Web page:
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Chord: A Scalable Peer-to-peer Lookup Service for Internet Applications

Chord is a distributed lookup protocol for peer-to-peer systems. The protocol focus on providing a fast lookup for keys.

Some of Chord’s characteristics help simplifying peer-to-peers systems:

Applications can be built using a Chord library that provides two ways of interaction: the first way is by using Chord’s lookup(key) function that yields the IP address of the node responsible for the supplied key. The second way is by having the nodes notifying the application about changes in the set of keys the node is responsible for. Other features such as authentication, caching, replication, etc, are not managed by Chord and should be the application’s responsibility.

The Base Chord Protocol

The Chord protocol specifies how to find the locations of keys, how new nodes join the system, and how to recover from the failure (or planned departure) of existing nodes.

At its core, Chord provides a fast mapping from keys to the nodes responsible for them via usage of a hash function to do the mapping. It uses consistent hashing so when there is a failure with a node or new nodes join the system, only a portion of keys need to be remapped. To improve the scalability of consistent hashing it does not require that every node need to know about every other node.

Scalable Key Location

The nodes in the consistent hashing ring store pointers to their respective successors and predecessors. When the user queries for a given identifier these pointers can be simply followed until the correct node is found. In a system with a large number of nodes this traversal might not be attractive, and that is why Chord maintains additional routing information to speed up the process of finding a node.

In Chord, each node n maintains a routing table with at most m entries, where m is the number of bits in the key/node identifiers. This table is called finger table and the ith entry in the table at node n contains the identity of the first node s that succeeds n by at least 2i-1 on the identifier ring. So, s = successor(n + 2i-1), where 1 <= i <= m, and all arithmetic is modulo 2m.

With this scheme, each node will end up storing more information about those nodes that are more closer to it on the ring instead of nodes that are farther away. The lookup can then proceed by following these entries in the finger table where following each entry roughly corresponds of skipping half the nodes between n and the desired node s. The following figure illustrates these concepts:

To lookup the node for a given key, the application can contact any node in the ring which will then find the successor node of the range that includes the given key, which is the node responsible for that key. This process makes use of the finger table to avoid linearly following the successor pointers.

Node Joins

When a node n joins the ring, Chord must perform the following tasks to preserve the routing invariants and finger tables:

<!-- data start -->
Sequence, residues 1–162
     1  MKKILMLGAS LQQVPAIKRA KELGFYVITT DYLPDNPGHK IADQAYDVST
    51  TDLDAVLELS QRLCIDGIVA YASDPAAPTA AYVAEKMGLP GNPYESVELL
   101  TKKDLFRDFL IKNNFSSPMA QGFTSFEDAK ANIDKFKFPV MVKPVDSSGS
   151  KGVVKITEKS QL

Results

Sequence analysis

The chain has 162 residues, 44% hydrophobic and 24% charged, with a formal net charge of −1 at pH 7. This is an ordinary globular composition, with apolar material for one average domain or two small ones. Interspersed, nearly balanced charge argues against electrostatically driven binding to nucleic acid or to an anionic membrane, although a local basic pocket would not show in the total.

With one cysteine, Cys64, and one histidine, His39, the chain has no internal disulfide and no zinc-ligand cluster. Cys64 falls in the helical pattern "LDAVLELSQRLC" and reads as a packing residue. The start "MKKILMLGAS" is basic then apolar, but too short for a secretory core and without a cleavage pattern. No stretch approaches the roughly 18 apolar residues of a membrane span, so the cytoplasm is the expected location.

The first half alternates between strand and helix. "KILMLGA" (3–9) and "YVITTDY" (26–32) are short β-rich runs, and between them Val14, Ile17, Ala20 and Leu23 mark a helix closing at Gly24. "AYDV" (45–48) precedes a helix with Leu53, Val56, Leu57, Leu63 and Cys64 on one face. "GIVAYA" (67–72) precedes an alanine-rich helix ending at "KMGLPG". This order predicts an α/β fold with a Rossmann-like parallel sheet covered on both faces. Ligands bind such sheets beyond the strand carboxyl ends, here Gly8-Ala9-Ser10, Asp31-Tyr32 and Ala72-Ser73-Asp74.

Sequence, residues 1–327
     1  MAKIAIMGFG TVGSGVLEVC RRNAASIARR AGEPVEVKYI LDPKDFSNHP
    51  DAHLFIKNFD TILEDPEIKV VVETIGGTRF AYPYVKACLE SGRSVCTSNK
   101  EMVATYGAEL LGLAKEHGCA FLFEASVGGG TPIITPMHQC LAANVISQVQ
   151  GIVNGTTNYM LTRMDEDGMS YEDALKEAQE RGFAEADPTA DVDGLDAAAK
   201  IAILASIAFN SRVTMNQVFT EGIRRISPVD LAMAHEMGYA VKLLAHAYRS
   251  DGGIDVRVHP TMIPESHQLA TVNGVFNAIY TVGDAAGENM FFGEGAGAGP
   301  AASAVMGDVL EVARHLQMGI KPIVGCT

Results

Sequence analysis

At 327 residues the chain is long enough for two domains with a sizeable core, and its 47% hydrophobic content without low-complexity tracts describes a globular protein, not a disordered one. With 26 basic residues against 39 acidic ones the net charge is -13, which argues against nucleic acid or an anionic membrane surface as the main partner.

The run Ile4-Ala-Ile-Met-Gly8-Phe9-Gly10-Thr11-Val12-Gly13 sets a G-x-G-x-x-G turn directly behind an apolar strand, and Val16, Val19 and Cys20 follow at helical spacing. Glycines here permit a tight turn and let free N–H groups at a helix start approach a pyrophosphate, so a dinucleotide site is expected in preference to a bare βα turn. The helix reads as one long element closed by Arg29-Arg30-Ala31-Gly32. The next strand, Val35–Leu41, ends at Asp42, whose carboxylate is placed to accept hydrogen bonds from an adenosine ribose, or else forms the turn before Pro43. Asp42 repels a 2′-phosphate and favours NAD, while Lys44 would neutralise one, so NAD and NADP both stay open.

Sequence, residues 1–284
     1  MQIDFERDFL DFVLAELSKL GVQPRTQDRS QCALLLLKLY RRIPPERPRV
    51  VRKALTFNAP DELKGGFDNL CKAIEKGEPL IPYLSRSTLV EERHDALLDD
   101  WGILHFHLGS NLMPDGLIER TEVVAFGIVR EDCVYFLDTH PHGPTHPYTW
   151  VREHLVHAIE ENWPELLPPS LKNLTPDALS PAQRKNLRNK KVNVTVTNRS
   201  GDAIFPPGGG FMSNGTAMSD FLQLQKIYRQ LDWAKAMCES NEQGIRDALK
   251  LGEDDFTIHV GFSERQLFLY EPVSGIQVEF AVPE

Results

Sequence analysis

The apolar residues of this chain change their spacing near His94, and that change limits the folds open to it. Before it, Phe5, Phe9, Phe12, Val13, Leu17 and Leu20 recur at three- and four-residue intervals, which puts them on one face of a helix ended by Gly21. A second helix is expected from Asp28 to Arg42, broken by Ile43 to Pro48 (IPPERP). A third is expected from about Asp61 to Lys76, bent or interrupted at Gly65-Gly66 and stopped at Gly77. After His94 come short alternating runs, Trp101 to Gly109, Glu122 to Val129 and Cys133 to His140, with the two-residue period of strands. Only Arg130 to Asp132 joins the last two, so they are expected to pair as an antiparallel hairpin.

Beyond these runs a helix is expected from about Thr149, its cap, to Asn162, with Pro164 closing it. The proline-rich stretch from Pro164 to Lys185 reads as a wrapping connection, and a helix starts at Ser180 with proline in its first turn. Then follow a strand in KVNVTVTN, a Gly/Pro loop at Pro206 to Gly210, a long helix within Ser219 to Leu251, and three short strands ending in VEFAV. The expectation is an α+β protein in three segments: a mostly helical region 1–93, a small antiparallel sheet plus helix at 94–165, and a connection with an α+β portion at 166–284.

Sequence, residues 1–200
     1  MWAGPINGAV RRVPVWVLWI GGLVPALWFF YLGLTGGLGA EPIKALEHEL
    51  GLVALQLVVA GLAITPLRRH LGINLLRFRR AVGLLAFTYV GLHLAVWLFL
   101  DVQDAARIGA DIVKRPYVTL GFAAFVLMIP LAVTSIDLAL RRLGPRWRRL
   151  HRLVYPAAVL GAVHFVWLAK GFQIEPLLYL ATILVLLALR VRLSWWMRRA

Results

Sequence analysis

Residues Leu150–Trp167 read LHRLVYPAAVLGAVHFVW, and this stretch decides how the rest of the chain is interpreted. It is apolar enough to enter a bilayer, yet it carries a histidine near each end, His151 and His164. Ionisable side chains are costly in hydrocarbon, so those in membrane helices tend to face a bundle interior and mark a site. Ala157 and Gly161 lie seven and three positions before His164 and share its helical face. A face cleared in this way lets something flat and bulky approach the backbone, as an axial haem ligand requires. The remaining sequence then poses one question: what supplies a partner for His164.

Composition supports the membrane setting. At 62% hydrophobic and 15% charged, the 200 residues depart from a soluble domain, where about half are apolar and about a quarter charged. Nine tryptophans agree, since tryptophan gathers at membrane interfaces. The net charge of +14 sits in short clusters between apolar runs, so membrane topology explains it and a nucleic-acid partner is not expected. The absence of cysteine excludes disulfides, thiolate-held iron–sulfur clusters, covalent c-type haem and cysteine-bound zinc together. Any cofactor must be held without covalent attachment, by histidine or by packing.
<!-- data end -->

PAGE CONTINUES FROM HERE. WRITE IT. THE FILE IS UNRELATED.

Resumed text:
1. Initialize the predecessor and fingers of n.
  2. Update the fingers and predecessors of existing nodes to reflect the addition of n.
  3. Notify the higher layer software so that it can transfer state (e.g. values) associated with keys that node n is now responsible for.

The new node can join the ring by knowing the identity of any existing Chord node n'. With the help of node n' node n will have its state initialized and itself added to the Chord ring.

In the process of joining the ring, the existing node n' helps the new node n by initializing the finger table for n. Then the finger tables of existing nodes need to be updated to reflect the new node n in the ring. And finally, the keys that should be now of responsibility of n need to be transferred to it. The actual meaning of “transferring the keys” is left for the application using Chord.

Concurrent Operations and Failures

The idea of the previous section only considered a single node joining the ring but what actually happens is multiple nodes joining concurrently and nodes that fail or depart voluntarily. Because of that, the ideas in the previous section need to be modified.

In the previous section, the algorithm tried to maintain correct finger tables for all nodes. With several nodes joining the ring it is difficult to maintain the same level of correctness. The idea is then to separate the correctness goal by having a different procedure that is periodically executed to fix the finger tables and attempt to give the nodes a more correct view of the ring1.

Another procedure that is also executed periodically is used to stabilize the ring, and it works by notifying possible successors of the existence of a new previous node. The following pseudocode illustrates such procedure:

// periodically verify n's immediate successor, and tell the successor about n.
    x = successor.predecessor
    if (x ∈ (n, successor))
        successor = x

// n' thinks it might be our predecessor
    if (predecessor is nil or n' ∈ (predecessor, n))
        predecessor = n'

To maintain the correct successor pointers when nodes fail or leave the ring, the nodes maintain a list of successors. A modified version of the stabilize function takes care of maintaining this list. So when the successor of node n fails, n replaces the successor with the next alive node from its successors list.

One caveat is that after a node failure, but before stabilization has completed, nodes might send requests through the failed node via a find_successor function that uses the finger table entries. In this case, the implementation could also use the successors list to try routing the request with a different but alive node.



  1. Not a full view of the ring because, as it was mentioned before, the amount of information required to maintain a full view might hurt the performance.↩︎